Long before Dr. Amit Arya very publicly called to overhaul Ontario’s long-term-care system, advocated for safe palliative care for racialized communities and became a recognized voice on social inequities on Twitter, his colleagues saw his potential to help minimize suffering for those with complex illnesses.
Arya worked as part of a family health team and visited at home people with disabilities and older adults with mobility issues. “One day,” he says, “we received a referral for a patient with palliative care needs, and I remember a colleague telling me, ‘You’d be great at this.’”
This was terrifying to Arya, who, at that point, had no such experience. But he discovered that there were unique elements that resonated with him. “Especially the focus on supporting families and caregivers,” he says. “Palliative care very quickly became my passion.”
Arya, who was born and raised in Vancouver, went to medical school at the University of British Columbia before completing his residency at the University of Alberta. In 2006, he moved to Brampton to practice family medicine, often working with new immigrants.
These days, you can find the 43-year-old’s name on several posts. He’s the palliative care lead at Kensington Health, a palliative care physician at North York General Hospital, a lecturer at the University of Toronto and an assistant clinical professor at McMaster University, all while holding leadership and advocacy roles at the local, provincial and national levels.
For Arya, the thread that runs through all these roles is the idea that palliative care is not a luxury, but a human right. “People think that palliative care is about dying, but it’s actually about living well,” he says.
He recalls one resident in long-term care who was in severe pain and her family was distraught and feeling helpless. “When the pain was appropriately treated,” he says, “the resident actually started to eat and sleep better and was happy and smiling for the first time in months. (She) eventually died peacefully and comfortably 11 months later with her family at the bedside.”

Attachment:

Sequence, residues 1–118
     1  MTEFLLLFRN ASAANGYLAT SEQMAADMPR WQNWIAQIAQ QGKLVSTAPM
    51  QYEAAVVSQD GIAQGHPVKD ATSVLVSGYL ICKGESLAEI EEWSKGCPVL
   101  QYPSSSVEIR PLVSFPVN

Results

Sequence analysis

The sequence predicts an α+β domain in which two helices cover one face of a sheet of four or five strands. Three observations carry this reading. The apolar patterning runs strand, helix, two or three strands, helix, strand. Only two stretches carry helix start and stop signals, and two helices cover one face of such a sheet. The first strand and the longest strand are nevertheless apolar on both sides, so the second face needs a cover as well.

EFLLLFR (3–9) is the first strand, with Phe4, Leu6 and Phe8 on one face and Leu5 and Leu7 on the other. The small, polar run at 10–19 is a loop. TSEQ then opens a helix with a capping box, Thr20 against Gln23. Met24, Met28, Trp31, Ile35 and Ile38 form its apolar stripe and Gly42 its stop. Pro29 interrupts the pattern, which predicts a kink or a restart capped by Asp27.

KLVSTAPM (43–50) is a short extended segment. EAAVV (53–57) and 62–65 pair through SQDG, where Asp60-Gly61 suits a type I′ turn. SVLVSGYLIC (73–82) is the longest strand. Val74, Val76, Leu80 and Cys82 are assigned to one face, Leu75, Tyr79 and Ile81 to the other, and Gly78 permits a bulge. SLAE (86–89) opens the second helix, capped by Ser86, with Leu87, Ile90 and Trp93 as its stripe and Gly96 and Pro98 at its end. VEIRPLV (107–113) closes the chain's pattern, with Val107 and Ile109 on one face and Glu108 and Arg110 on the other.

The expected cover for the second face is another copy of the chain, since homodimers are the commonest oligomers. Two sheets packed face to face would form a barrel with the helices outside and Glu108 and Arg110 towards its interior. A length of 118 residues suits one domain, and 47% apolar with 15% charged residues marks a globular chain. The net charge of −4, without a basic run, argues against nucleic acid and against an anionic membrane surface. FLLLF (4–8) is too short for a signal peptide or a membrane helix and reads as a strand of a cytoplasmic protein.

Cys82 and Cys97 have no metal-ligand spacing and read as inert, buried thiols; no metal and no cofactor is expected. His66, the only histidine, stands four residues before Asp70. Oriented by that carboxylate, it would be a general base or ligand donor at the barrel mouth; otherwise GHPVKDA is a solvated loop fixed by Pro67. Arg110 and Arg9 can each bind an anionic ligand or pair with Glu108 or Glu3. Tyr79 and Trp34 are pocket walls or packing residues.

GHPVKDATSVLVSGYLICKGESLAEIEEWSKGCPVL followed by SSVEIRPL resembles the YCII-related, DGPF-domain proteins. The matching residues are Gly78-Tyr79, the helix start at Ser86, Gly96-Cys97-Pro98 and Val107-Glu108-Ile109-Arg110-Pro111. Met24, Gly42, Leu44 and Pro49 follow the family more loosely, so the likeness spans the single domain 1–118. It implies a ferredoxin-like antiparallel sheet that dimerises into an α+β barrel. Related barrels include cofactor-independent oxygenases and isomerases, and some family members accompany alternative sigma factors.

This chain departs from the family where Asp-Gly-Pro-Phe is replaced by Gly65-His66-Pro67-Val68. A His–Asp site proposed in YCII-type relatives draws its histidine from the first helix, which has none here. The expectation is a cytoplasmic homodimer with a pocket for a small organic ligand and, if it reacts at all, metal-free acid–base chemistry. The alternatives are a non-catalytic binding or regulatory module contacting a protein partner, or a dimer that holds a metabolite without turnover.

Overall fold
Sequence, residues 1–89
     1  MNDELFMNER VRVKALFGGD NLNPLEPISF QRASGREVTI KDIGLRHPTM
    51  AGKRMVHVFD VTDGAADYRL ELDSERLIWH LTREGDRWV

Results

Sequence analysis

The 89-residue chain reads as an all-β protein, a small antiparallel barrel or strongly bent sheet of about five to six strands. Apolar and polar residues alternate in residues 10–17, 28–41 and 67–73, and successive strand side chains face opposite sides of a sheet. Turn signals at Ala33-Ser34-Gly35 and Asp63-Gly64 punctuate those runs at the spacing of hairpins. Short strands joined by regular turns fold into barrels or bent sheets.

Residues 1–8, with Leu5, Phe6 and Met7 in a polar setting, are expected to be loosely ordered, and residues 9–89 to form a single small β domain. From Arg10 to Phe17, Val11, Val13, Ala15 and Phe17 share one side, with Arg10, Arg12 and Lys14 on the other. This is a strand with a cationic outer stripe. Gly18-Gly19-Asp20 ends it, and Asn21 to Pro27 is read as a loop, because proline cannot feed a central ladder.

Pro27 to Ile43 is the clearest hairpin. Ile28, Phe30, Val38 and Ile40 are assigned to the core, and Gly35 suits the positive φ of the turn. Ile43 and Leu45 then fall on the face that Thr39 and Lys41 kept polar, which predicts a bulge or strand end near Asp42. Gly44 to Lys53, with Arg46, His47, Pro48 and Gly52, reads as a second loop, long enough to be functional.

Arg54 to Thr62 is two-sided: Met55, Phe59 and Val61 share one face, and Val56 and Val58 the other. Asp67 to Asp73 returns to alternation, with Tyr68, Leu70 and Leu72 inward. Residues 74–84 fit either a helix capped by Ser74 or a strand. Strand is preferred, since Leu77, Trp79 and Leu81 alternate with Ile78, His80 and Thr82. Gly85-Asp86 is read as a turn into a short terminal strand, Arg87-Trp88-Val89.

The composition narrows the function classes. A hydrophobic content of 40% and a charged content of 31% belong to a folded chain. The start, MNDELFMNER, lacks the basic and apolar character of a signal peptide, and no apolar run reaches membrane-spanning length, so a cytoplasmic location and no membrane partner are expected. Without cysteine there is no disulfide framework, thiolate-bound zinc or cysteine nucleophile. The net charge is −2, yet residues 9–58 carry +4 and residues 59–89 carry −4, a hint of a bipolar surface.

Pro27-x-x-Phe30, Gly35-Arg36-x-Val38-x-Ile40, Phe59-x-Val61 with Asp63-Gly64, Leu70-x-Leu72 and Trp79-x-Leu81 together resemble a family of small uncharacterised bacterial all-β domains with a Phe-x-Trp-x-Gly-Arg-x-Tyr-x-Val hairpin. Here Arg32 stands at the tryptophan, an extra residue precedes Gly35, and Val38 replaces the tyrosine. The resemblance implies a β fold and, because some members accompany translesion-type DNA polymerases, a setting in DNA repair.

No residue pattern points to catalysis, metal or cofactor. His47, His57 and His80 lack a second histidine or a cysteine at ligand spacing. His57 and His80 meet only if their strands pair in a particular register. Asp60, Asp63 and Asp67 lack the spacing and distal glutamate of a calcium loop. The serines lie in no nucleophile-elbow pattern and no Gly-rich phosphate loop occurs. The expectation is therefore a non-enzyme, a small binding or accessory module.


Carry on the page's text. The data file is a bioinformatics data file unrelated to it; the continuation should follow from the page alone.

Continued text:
Stories like this are why Arya is devoted to filling the gaps he sees in the health-care system. At Kensington Health, he utilizes a new “shared care model” of palliative medicine that he himself developed. Arya offers consults and assistance to family doctors, nurses, nurse practitioners and personal support workers so patients with palliative care needs aren’t relying solely on specialists.
Arya is also outspoken about what he calls a crisis in our long-term-care system, where facilities aren’t resourced or staffed well enough to look after residents — even before COVID-19 hit.
He describes how he and his peers became outraged at the lack of action, particularly from the government, to protect those living in long-term care. In response, he co-founded Doctors for Justice in Long-Term Care, a coalition of more than 1,000 physicians and researchers.
His activism also extends to improving palliative care in racialized communities. He regularly presents workshops on cultural safety — recognizing and respecting the identities of others — and antiracism and their impacts on palliative care.
Arya is humbled by the idea that his leadership would even be considered extraordinary. “What drives me are my regular experiences working in health care,” he says. “Years of underfunding of our health system and social safety net have created a humanitarian crisis that is still ongoing.”
Throughout the pandemic, Arya has also been very active on Twitter, where there’s a large community of health workers promoting public health and science while battling misinformation. Though advocacy is a responsibility for health workers, he says, all that online activity can be a ton of work.
“I dream of a day when my advocacy won’t be needed,” he says. “I’m hoping that one day our system will finally give the people I care for the life they actually deserve.”